The books published by the Board highlights the peace-loving ideology of Muslim leaders of Pakhtunkhwa, such as Khan Abdul Ghafar Khan, commonly known as Bacha Khan, Haji Sahib Turangzai and Sahibzada Abdul Qayyum Khan and Rehman Baba, who preached non-violence and condemned extremism. The syllabus revision process was set in motion in 2008 when Marwat became chairman of the Textbook Board. The programme will continue for another 15 months.

Published in The Express Tribune, January 15th,  2011.

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Reader Comments (7)

  • Amaar
    Jan 15, 2011 - 9:07AM

    We need a similar program for Punjab curriculum.Recommend

  • Sandy
    Jan 15, 2011 - 10:46AM

    Nice to see reforms at grass root level Now root cause of the problem is being adressed
    Also change teachers of extreem thinking with moderates Check alienation of muslim society especially women from education Recommend

  • Maulana Diesel
    Jan 15, 2011 - 6:45PM

    Fantastic work KP! We need more people like Marwat.Recommend

  • Anoop
    Jan 15, 2011 - 7:45PM

    Better late than never. I doubt if the situation has gone out of hand and its too late now.Recommend

  • Faiz
    Jan 16, 2011 - 10:10AM

    The issue of extremism and terrorism that Pakistan faces today is rooted in the text that is taught in the mainstream education system. Hate-based literature called Pakistan Studies has radicalized Pakistani society more than madrassa syllabi have done.
    The text being taught in mainstream educational institutions itself is a negation of education by promoting hatred, a distorted view of history and narrow-mindedness. The Pakhtunkhwa government is bringing a silent revolution by purging the syllabus from hate-based literature. After standing up toe-to-toe to terrorism and extremism, this is going to be another milestone of the ANP government.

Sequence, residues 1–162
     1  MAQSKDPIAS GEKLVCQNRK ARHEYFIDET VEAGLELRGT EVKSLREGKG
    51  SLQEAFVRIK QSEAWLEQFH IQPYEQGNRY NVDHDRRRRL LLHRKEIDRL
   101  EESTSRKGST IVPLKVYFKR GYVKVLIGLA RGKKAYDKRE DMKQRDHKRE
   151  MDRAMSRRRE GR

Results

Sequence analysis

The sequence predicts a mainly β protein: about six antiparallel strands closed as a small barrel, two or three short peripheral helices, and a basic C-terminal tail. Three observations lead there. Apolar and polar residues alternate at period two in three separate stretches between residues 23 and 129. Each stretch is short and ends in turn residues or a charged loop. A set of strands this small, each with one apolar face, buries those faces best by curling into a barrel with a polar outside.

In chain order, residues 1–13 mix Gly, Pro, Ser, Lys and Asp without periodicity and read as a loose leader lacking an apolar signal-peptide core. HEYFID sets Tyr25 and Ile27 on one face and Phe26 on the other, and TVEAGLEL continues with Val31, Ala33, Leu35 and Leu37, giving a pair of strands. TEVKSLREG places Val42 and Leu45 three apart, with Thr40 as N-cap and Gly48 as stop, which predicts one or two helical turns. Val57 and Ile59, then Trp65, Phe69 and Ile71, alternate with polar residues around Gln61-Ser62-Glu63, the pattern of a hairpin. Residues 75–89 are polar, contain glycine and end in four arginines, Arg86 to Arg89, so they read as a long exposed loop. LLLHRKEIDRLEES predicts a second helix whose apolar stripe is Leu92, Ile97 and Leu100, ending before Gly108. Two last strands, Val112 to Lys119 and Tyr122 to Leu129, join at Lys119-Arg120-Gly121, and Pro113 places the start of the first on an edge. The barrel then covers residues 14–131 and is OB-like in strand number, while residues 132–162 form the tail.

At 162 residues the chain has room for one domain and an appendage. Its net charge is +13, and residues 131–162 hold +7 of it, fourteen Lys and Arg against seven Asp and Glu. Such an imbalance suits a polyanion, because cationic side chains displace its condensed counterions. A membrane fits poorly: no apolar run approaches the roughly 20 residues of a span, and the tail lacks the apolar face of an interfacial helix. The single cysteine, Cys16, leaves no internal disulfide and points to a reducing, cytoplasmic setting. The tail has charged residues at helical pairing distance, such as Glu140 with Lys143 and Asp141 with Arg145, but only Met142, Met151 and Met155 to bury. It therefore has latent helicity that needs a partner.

Since extremism and terrorism are global issues, world powers–especially the United States and the European Union–should help and support the Peshawar Textbook Board in coming up with a syllabus that teaches love for humanity without any religious or sectarian discrimination. After all, the purpose of any education is teach ‘love’, not hatred that the present syllabus promotes.
    But it is part of the solution, because the real rot lies in Punjab–home to innumerable madrassas and ‘headquarters’ of terror at Muridke and Bahawalpur. Unless these industries of terror are not closed, every effort at combating extremism is bound to fail. It needs a two-pronged strategy: to close the terror industry, and reform education.
    Well-done! Pakhtunkhwa government and Mr. Marwat.Recommend

  • Faiz
    Jan 16, 2011 - 10:26AM

    It was long overdue. But it is never too late to mend ways of education.
    Well-done Pakhtunkhwa government!Recommend

  • mohtamim ahmad
    Jan 17, 2011 - 12:36AM

    I am not sure of the intentions behind the story as Pakistan’s over-dominant right-wing media/reporters raise these issues not to show it as models but rather attract outcry of Mullahs and their patrons in intelligence agencies to stop its implementation. Having said this, KPK’s proposed steps for changing the syllabus is a more than 100 percent right move. The notorious agencies have used Pashtun youth on both sides of the Durand Line for its dirty and never-ending game, which if continued for, say three more years, will prelude another debacle of the country (read Stephen Cohen interview on CFR web). In such a scenario, Pakistanis will kill one another on religious and ethnic backgrounds and their military generals will live in exile on posh streets in US and EU. Time has come to have only one subject on theology and Pakistan Studies with a well-scrutinized syllabus in Pakistan’s educational institutes (clean from hatred), remove all Jehadi slogans from military barracks and cantt areas, disqualify all Pakistani leaders having ideological contacts with Iran, Saudi royal family and its Wahabi institutes, and strengthen international efforts for a peaceful Afghanistan. Do it and peace is just in our pocket.Recommend